Harvard Women's Health Watch

In the journals: More happiness, less worry after age 50, study finds

With age, we inevitably develop more wrinkles, aches and pains, and more problems of all kinds with our bodies. But these unwelcome changes don't seem to get us down. People over age 50 are apparently happier and less stressed: we worry less and feel increasingly better about our lives, even into old age. These are the findings of a study published in the Proceedings of the National Academy of Sciences (online, May 17, 2010) that investigated age-related changes in two different aspects of well-being: overall satisfaction with life (global well-being) and day-to-day experiences of certain emotions (hedonic well-being). Though both are important, the authors say they're rarely studied together.

In the report, titled "A Snapshot of the Age Distribution of Psychological Well-being in the United States," researchers at Stony Brook University and Princeton University analyzed data from a 2008 Gallup telephone survey of 340,847 Americans, ages 18 to 85. The survey gathered information about age, sex, marital status, personal finances, health, and other topics. To assess global well-being, it asked respondents where they would place themselves on an imaginary 10-step ladder with "best possible life" at the top and "worst possible life" at the bottom. For hedonic well-being, they were asked whether they had experienced any of the following emotions during a large part of the previous day: stress, worry, anger, sadness, enjoyment, and happiness.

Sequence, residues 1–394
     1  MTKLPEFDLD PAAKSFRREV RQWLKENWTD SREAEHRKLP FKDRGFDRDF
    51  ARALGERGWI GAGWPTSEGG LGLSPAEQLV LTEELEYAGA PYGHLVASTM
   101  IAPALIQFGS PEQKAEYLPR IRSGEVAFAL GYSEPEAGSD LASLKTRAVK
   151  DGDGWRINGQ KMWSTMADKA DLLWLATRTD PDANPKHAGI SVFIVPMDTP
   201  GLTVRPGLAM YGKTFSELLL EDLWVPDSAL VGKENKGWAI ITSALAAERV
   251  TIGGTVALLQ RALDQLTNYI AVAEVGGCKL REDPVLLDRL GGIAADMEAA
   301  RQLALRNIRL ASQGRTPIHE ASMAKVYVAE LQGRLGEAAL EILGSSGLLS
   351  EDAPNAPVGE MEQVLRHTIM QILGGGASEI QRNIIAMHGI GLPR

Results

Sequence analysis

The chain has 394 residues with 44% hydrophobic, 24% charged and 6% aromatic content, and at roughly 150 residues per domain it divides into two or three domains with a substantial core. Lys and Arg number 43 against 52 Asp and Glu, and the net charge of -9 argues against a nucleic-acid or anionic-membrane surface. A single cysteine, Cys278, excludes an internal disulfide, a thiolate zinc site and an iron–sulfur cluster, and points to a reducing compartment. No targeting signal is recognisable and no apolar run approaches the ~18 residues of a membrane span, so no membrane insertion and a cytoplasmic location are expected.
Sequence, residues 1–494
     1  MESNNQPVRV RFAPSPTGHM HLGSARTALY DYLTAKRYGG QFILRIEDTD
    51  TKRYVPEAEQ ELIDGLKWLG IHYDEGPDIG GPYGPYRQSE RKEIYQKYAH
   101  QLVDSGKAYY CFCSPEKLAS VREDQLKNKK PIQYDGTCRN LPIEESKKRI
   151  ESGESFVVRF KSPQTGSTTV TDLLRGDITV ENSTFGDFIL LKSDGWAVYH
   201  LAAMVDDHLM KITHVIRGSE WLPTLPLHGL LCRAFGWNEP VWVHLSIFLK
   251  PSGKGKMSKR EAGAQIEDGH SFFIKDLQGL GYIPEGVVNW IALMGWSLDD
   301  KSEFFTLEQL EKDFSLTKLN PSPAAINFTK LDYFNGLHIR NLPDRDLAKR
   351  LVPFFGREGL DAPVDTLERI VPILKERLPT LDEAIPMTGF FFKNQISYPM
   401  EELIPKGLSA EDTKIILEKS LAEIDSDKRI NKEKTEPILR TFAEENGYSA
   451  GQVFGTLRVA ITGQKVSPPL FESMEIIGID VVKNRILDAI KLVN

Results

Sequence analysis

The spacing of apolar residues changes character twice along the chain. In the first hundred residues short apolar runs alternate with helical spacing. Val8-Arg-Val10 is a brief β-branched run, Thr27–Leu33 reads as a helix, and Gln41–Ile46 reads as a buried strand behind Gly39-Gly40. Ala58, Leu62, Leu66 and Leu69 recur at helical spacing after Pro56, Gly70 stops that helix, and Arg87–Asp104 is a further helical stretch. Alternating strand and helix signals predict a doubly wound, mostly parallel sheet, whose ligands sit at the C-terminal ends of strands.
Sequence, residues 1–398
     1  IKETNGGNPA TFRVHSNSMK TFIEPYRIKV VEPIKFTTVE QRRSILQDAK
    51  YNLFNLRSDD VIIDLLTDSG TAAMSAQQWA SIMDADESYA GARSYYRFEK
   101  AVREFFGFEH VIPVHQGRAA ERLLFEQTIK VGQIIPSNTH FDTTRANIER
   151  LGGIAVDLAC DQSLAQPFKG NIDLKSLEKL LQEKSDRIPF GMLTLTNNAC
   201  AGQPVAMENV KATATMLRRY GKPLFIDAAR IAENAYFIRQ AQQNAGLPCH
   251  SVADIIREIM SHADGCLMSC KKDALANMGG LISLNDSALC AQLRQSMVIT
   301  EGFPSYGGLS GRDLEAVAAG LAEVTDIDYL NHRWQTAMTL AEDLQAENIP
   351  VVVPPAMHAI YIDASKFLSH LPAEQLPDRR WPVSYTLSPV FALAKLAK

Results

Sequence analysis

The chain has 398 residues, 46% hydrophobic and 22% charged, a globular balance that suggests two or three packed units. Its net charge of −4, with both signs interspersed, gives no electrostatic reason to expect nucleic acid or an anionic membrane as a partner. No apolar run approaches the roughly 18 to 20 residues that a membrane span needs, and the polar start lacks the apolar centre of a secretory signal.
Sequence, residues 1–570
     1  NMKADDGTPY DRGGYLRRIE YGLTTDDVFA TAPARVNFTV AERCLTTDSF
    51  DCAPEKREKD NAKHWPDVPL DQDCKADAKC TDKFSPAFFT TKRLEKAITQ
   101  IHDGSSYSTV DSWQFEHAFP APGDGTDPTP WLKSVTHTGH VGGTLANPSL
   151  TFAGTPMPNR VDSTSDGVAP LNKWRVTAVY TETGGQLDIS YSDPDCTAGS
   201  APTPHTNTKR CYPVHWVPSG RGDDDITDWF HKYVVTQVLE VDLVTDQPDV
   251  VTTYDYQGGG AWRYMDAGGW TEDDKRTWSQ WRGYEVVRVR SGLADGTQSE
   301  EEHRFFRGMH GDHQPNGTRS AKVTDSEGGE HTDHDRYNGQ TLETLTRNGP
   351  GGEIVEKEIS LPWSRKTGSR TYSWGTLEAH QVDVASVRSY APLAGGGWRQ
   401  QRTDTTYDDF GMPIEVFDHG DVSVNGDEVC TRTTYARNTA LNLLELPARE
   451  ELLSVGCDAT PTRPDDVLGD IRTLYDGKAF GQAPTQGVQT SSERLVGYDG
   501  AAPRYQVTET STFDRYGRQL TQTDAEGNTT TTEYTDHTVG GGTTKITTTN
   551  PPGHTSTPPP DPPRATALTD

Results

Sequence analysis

When correlated with age, the data for overall satisfaction with life yielded a U-shaped pattern. People who were around age 20 felt relatively good about their situations; those in their 20s, 30s, and 40s gave increasingly less positive assessments. But after age 50, there was a shift, with overall well-being trending upward again (see the graphic). Current feelings, or hedonic well-being, showed patterns that differed depending on the particular emotion. Stress and anger declined steadily from the youngest group through the oldest respondents, but worry didn't begin to drop off until around age 50. Sadness rose to a modest peak among those around age 50, then fell back and leveled off. Enjoyment and happiness decreased gradually until age 50, then rose until about age 70, and leveled off or declined slightly. In both hedonic and global well-being, the age-related trends were similar for women and men — although women reported more stress, worry, and sadness at all ages. These findings held up even after the researchers took into account other factors associated with age, including marital and employment status and whether there were children at home.

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